Home renovation project enables you to refacing your old house with something new, modern and fresh. Such as this project of Kempart Loft house by Daniel Dethier, a home renovation project of his client who was passionate about precision engineering. It demonstrates how industrial spaces can be transformed into housing without becoming locked into stereotypes. Basic concept of Kempart loft home renovation is to create a living space for a couple with no children in an abandoned industrial bakery.
The renovation is began with opening the space up as much as possible, removing the tie beams and strengthening the rafters with metal plates set in the ridge beam. The resulting 154 sq. m open area was structured by the introduction of a rounded modular unit housing two bathrooms, storage areas, a toilet and the heating and ventilation systems.
The modular unit divides the interior space and provides for various functions while creating a range of ambiances. Beginning with the entrance area, the space provides zones for the hall, office, lounge, kitchen, dining room, bedroom and dressing room. The lounge area is located on the southern side of the space, while the bedroom is to the north.
The modular unit has a unique design; its silhouette, aluminum cladding and careful attention to detail were all inspired by the Airstream trailer’s aerodynamic aesthetic. We commissioned artist Jean Glibert to select the bathroom areas’ saturated colours, which can be glimpsed through three porthole windows that can be rendered opaque. These variegated tonal elements energizes the interior architecture, which is predominantly white, a colour that reflects the indirect light and emphasizes the unit’s brushed aluminum skin.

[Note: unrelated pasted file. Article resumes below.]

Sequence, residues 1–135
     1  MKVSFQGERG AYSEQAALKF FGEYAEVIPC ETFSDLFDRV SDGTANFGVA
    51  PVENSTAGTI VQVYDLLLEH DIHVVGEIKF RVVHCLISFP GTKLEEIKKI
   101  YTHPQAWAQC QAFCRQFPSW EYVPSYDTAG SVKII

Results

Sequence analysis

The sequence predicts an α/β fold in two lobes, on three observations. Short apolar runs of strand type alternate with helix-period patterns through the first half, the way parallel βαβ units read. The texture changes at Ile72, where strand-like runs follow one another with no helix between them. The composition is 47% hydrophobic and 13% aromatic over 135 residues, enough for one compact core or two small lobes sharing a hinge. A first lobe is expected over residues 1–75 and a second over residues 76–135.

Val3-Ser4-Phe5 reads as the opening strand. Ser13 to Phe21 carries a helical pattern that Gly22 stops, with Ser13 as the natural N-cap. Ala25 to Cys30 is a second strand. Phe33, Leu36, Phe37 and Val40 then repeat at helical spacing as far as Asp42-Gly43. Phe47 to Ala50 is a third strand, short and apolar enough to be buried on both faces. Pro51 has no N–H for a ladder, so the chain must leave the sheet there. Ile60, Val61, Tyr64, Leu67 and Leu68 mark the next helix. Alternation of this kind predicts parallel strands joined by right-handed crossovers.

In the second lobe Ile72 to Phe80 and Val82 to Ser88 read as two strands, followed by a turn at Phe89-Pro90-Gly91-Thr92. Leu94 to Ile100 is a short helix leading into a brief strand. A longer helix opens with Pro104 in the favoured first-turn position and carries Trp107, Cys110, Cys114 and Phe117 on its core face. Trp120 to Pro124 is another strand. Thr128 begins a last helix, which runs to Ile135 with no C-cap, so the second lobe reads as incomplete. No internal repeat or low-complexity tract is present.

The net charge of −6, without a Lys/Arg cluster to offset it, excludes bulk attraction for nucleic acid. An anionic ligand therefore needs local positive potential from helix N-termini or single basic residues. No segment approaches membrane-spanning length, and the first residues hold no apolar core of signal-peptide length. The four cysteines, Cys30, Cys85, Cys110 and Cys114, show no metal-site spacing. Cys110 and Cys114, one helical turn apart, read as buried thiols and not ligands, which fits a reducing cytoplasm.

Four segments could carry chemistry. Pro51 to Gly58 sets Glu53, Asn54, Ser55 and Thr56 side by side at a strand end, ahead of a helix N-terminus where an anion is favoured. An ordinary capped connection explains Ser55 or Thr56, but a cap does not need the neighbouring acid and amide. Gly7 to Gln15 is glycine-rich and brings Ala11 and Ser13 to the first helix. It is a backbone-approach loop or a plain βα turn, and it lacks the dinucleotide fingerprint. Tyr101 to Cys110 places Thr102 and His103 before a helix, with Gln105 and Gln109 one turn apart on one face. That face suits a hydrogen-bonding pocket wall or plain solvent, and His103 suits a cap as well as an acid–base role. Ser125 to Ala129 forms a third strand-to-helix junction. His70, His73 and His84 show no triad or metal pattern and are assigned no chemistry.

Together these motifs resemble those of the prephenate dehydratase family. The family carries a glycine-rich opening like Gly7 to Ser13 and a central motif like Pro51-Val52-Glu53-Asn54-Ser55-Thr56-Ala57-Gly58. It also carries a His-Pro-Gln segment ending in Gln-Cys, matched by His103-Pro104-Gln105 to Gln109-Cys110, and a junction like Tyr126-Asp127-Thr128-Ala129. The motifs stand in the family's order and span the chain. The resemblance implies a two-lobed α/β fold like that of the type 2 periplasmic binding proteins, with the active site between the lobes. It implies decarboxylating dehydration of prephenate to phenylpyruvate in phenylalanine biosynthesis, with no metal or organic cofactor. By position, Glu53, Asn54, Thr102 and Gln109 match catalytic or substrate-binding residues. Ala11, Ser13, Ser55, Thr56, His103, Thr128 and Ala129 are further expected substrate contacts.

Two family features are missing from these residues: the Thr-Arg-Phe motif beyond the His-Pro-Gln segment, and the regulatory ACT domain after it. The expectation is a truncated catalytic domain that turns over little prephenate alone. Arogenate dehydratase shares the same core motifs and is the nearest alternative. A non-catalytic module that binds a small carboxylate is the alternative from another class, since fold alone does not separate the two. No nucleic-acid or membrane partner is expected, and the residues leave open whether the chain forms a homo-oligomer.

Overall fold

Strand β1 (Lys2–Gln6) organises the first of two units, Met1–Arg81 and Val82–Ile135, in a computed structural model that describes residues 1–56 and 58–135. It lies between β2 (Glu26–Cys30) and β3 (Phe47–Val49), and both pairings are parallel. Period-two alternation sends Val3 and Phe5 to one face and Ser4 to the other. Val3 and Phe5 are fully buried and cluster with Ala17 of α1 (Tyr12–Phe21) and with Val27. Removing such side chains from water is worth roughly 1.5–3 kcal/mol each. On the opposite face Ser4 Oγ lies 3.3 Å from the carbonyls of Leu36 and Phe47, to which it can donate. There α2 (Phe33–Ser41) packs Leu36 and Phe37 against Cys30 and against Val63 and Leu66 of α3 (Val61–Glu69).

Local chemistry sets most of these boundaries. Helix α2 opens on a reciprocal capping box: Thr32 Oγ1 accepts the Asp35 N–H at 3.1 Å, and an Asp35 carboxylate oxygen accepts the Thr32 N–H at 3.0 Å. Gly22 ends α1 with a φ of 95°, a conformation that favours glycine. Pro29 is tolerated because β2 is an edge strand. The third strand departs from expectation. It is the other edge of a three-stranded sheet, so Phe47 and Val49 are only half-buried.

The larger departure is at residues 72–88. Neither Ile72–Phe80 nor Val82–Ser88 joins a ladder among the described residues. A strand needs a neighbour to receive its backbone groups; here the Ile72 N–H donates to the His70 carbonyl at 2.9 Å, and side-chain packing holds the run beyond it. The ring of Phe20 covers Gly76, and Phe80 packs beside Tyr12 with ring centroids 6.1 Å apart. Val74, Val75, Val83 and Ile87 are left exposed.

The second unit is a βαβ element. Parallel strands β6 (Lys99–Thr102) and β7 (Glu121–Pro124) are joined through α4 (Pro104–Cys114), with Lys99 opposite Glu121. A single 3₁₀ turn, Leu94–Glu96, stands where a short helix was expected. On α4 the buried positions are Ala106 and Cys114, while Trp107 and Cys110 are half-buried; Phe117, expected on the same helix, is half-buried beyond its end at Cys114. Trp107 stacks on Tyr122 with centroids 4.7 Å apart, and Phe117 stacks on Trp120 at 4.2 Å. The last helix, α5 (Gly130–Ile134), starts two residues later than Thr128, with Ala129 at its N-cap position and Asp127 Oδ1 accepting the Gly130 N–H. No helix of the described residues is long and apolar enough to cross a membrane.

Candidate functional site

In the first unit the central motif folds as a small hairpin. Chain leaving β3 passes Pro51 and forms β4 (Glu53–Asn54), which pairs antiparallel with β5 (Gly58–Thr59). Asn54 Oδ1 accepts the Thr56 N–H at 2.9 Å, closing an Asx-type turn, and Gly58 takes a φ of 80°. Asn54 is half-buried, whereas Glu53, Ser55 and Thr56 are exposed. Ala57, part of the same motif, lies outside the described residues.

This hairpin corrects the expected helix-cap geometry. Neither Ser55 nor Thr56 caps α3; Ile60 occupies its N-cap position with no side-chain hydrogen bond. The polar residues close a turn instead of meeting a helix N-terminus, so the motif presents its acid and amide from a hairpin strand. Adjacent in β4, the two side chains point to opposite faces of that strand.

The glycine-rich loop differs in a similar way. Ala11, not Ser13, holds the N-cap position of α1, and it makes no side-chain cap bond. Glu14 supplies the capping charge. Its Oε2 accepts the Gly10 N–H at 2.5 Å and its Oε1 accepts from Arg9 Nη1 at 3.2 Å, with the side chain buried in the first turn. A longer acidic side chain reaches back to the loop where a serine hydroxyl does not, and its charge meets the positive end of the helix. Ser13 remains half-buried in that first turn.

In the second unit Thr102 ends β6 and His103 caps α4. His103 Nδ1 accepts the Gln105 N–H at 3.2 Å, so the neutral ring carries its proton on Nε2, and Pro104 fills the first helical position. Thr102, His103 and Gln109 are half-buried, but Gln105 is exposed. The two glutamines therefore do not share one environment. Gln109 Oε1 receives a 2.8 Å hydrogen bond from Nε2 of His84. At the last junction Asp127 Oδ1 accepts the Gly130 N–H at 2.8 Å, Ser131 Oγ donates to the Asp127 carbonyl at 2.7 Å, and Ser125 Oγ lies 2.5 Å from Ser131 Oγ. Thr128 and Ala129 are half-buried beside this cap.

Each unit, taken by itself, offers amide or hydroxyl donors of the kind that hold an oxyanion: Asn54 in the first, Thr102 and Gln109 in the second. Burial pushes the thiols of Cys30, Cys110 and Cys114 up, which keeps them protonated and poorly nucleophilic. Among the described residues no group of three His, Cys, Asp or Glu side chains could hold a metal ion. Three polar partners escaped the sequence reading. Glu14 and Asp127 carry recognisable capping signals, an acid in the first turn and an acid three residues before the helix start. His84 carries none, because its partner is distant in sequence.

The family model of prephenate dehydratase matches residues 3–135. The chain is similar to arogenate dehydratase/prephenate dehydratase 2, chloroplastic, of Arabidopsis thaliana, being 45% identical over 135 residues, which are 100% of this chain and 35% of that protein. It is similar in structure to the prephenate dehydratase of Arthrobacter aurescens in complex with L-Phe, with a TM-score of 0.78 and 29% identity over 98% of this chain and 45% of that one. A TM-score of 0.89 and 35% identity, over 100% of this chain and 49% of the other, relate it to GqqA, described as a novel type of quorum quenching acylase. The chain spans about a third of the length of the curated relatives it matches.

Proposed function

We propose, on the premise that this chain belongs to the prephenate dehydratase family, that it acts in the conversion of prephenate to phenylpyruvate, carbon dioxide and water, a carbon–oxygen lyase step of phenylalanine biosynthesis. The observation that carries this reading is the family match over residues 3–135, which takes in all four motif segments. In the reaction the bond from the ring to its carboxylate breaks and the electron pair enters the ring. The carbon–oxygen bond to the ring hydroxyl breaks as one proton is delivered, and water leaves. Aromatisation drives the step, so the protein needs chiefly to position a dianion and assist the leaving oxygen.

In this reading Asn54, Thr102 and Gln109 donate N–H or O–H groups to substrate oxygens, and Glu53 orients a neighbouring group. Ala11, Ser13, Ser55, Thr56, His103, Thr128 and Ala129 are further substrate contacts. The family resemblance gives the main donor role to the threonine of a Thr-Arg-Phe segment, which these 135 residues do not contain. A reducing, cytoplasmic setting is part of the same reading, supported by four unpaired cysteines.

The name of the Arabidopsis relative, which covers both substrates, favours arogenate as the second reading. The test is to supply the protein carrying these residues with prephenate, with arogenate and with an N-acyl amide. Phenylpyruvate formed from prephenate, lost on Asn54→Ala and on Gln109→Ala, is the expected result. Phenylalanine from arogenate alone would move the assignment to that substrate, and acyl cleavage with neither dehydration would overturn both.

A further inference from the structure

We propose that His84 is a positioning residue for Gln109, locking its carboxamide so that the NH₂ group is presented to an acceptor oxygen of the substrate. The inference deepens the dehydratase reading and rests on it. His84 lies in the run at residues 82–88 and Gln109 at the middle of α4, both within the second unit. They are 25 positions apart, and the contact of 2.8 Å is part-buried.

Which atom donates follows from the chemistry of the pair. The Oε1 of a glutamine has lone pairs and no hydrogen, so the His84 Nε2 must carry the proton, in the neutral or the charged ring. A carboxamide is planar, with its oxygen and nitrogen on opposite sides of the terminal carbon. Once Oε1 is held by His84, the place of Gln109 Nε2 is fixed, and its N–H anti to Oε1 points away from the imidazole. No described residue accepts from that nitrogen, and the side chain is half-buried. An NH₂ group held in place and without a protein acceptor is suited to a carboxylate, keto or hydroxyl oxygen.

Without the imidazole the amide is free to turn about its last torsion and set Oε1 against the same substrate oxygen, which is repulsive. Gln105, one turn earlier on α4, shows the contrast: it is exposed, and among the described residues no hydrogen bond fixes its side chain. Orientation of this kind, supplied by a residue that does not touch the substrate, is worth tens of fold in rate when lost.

The pure lines and tonal range produce a feeling of weightlessness, reinforced by the understated, high-tech furnishings, which were also commissioned. Particular attention was paid to the placement of the floor-to-ceiling windows and the to the views from the lounge area – one can look down a street and out towards the spacious terrace, whose surface area is equivalent to two-thirds of the interior space. The terrace almost doubles the living space and offers the inhabitants direct contact with the neighborhood.